JAGUAR F-TYPE RALLY CARS CELEBRATE 70 YEARS OF SPORTS CAR HERITAGE
•Jaguar creates two F-TYPE Convertible rally cars to continue its celebration of 70 years of Jaguar sports cars
•With design cues from F-TYPE Chequered Flag Limited Edition, the 300PS 2.0-litre rally cars feature bespoke FIA-spec modifications
•One-off rally cars pay homage to the Jaguar XK 120, introduced in 1948, which itself achieved competition success in the RAC, Tulip and Alpine rallies
•The Jaguar F-TYPE Chequered Flag Limited Edition is available to order now from £62,335 in the ÚKWatch F-TYPE rally cars in action: https://youtu.be/YsÚcDmCmLMg
12 November 2018, Whitley: Jaguar has developed two F-TYPE Convertible rally cars, with design cues from the F-TYPE Chequered Flag Limited Edition, to continue its celebration of 70 years of sports car heritage since the XK 120 was revealed in 1948.
The one-off F-TYPE rally cars also pay homage to the legendary Jaguar XK 120 registered 'NÚB 120' which, in the early 1950s in the hands of Ian Appleyard, completed three consecutive Alpine Rallies without incurring a single penalty point, and won the RAC and Tulip.
Both rally-specification F-TYPE Convertibles are powered by Jaguar's 300PS 2.0-litre Ingenium four-cylinder petrol engine. With modifications overseen by Jaguar Design and Engineering, both cars were built to FIA specification, with comprehensively uprated brakes and suspension fitted alongside a protective rollcage, race-seats with six-point harness, bonnet-mounted light pod and fire extinguisher.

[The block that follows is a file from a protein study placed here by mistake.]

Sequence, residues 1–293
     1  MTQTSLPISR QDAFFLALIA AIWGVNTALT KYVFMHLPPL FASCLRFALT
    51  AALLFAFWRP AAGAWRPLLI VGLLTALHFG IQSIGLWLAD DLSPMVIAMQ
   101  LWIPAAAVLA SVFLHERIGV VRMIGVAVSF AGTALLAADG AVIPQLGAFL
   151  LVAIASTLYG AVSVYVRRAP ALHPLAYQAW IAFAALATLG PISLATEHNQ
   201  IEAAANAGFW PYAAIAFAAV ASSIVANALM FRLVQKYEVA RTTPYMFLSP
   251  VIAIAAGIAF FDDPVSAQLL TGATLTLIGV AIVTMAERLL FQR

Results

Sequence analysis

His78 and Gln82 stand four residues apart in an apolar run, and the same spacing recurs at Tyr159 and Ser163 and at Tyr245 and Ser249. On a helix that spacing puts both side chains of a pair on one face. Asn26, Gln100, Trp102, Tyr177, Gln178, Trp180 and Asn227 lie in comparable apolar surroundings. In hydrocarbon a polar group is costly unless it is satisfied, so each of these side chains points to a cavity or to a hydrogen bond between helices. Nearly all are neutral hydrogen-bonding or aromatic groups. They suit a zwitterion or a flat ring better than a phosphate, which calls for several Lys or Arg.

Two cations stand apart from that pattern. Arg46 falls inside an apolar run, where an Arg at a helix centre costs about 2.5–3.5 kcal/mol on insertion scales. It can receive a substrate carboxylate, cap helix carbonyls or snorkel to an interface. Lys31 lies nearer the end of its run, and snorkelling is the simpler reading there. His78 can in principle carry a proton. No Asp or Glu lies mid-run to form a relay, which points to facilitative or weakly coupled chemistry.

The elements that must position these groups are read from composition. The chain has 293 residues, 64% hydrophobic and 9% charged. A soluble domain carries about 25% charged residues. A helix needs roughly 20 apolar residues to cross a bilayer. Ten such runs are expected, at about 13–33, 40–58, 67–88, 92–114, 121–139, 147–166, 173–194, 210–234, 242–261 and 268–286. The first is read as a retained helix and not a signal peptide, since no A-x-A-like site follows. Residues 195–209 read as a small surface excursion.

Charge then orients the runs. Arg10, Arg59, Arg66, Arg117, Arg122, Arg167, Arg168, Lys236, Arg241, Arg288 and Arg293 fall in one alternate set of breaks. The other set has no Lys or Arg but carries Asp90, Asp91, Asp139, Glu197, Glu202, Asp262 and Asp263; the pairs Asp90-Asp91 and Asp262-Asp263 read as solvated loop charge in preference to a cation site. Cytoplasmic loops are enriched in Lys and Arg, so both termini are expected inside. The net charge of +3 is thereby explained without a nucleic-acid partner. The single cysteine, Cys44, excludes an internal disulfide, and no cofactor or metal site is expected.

Ian Callum, Jaguar Director of Design, said: 'The opportunity to design a rally car doesn't come along very often so I was fascinated to see how we could take our modern day sports car to a similar character. These models are a fitting tribute to the XK 120 and all the great Jaguar sports cars since its reveal 70 years ago, including the latest F-TYPE Chequered Flag Limited Edition.'
The rally F-TYPEs feature upgrades to the brakes, suspension and drivetrain including the addition of grooved discs with four-piston calipers front and rear. Hand-built competition dampers and softer springs ensure the high performance cars can be driven flat-out over rough rally stages. Three-way adjustable dampers allow the cars to be tuned for different surfaces and feature spherical bearings for added precision. With motorsport-spec wheels and tyres specifically for use on gravel, a limited-slip differential improves power delivery on loose surfaces while a hydraulic handbrake helps drivers tackle hairpin bends.
The celebratory models were put through their paces at Walters Arena rally stage, South Wales, to demonstrate their performance credentials and will now attend a series of Jaguar events over the next few months.
The Jaguar F-TYPE Chequered Flag Limited Edition is available from £62,335 and can be configured at www.jaguar.co.uk.
Engine : 2.0 L., 4-cylinder
Power: 296 hp